Saudi urged to diversify currency investment

Saudi Arabia should diversify its foreign currency investment to offset possible risks arising from the global financial turmoil despite a sharp rise in the Gulf Kingdom’s overseas assets, its largest bank has said.

The country’s total net foreign assets, controlled by the Saudi Arabian Monetary Agency (Sama), swelled by a whopping SR291.8 billion ($77.8bn) in the first 10 months of 2011 because of a surge in the country’s oil export earnings, National Commercial Bank (NCB) said in a study sent to Emirates 24/7.

During October alone, Sama’s net foreign assets gained a staggering 20.3per cent Y/Y, as it proceeds with providing a safety cushion for the Saudi economy.

“Sama should begin to diversify its portfolio in other currencies to mitigate risks. It seems officials have more challenges ahead in 2011 as the global economy takes another hit,” the study said.

It gave no breakdown for Sama’s investments but it is believed most of its currency assets are based in US dollar.

Sama’s total foreign assets smashed through the SR2,000bn mark at the end of September for the first time before they slipped back to nearly SR1.993bn at the end of October

But they remained way above their level of SR1,705bn at the end of 2010 and more than double the assets of SR884bn at the end of 2006.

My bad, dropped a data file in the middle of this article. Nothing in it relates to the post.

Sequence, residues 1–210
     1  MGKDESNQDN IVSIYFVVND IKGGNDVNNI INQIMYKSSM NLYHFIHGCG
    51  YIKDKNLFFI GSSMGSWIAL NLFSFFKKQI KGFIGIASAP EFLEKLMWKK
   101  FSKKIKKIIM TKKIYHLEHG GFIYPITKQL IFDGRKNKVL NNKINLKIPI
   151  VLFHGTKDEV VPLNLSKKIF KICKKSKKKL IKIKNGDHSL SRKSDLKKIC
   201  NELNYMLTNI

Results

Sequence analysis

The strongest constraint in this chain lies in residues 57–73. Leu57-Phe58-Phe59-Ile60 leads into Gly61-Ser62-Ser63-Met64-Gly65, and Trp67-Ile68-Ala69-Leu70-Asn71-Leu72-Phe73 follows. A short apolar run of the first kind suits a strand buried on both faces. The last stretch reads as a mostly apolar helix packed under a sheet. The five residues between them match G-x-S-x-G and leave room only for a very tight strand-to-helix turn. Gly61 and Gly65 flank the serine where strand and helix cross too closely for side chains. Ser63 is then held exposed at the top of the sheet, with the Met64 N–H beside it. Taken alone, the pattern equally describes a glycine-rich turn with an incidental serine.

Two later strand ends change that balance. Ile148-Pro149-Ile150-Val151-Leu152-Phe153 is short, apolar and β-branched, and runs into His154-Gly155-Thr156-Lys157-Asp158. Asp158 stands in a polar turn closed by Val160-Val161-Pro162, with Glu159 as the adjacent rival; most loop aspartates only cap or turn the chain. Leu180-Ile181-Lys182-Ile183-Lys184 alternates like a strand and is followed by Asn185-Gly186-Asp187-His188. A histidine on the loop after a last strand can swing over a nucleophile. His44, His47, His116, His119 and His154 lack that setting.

A breakdown showed most of Sama’s assets are investment in foreign securities, which totalled around SR1,39bn at the end of October 2011, nearly 70 per cent of the central bank’s total foreign assets.

Deposits with banks abroad stood at SR392bn and other miscellaneous assets at nearly SR20.1bn. The rest covered foreign currencies and gold, as well as cash in vault, including SR20bn in notes.

The surge in Sama’s foreign assets this year was a result of a sharp rise in oil prices, which averaged over $100 in the first 10 months of 2011, nearly $50 above Saudi Arabia’s budget forecasts.

The assets have steadily grown in most of the past few years as a result of higher oil prices, gaining nearly SR165bn through 2010.

They recorded their largest increase of nearly SR513bn during 2008, when oil prices climbed to their highest annual average of nearly $95 a barrel. But a sharp fall in crude prices depressed them by SR139bn in 2009 to widen the actual budget shortfall to nearly SR87 billion following a record high surplus of nearly SR580bn in the previous year.

In 2010, the budget reverted into a surplus of SR109bn after oil prices increased by at least $15 a barrel. For 2011, Saudi Arabia announced another record high budget of SR580bn for 2011, with a deficit of SR40 billion.

But analysts believe the shortfall will again revert into a surplus at the end of the year on the grounds the oil price assumed by Riyadh of just under $60 will be far below the expected actual price.

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